Whither nursing? Discourses underlying the attribution of master’s level performance in nursing
Aim. Drawing upon the selected findings from a multidisciplinary study that sought to explore the meaning of master’s level performance in health professional practice, the characteristics which nurse educators attributed to the practice of master’s level nursing graduates are analysed to reveal underlying discourses.
Background. Although master’s level programmes for nurses have been available in the United Kingdom (UK) for the past three decades and current heath policy directives link master’s level qualifications with senior clinical nursing roles, the contribution that master’s level education might make to the future direction of nursing is unclear.
Research design and methods. In-depth interviews were undertaken with a purposive sample of 18 nurse lecturers drawn from eight universities in the UK who were responsible for master’s level programmes in nursing. The interview agenda explored participants’ perspectives of the characteristics of master’s level performance. Drawing upon the methodology of discourse analysis, interview transcripts were interpreted in such a way as to show the implicit discourses underlying the participants’ claims regarding their graduate’s attributes of professional practice.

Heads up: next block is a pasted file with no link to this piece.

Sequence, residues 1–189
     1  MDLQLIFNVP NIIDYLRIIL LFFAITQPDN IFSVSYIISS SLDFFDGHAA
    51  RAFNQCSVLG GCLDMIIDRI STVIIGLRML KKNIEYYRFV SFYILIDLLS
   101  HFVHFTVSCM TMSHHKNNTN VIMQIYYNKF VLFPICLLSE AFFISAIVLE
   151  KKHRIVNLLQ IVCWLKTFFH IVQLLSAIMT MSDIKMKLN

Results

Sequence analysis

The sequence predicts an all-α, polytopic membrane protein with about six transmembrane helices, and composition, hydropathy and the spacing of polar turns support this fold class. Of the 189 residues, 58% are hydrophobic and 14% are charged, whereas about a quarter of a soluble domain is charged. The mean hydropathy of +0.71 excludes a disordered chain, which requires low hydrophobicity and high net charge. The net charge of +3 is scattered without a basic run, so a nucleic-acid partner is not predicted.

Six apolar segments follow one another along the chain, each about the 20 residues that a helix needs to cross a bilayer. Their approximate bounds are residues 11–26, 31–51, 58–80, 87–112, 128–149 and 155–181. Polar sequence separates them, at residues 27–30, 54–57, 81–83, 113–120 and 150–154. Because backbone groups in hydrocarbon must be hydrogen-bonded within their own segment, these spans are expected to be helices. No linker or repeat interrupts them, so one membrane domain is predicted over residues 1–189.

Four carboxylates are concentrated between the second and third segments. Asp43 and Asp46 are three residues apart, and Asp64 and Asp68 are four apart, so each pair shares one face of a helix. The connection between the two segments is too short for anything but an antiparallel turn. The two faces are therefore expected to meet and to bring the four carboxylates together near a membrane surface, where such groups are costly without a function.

Findings. The characteristics attributed to master’s graduates were categorized under (a) cognitive competencies, (b) practice-related competencies, (c) research orientation and (d) personal dynamism. However, these attributions are not empirical generalizations, developed inductively. Rather, they draw on socially available discourses regarding the future direction of the profession.
Conclusion. The nurse educators drew on the following socially available discourses: (a) a discourse in which nursing is construed as involving great competence in practice, but without radicality of thought. Associated with this is a pervasive rhetoric of pragmatism; (b) a discourse of interprofessional practice in which nursing has a role of leadership. This is associated with a view of the location and power of nursing within the structure of the National Health Service and (c) notably lacking were discourses of care-giving, and of academic/intellectual aspiration. The implications of these discourses for the future direction of nursing are considered.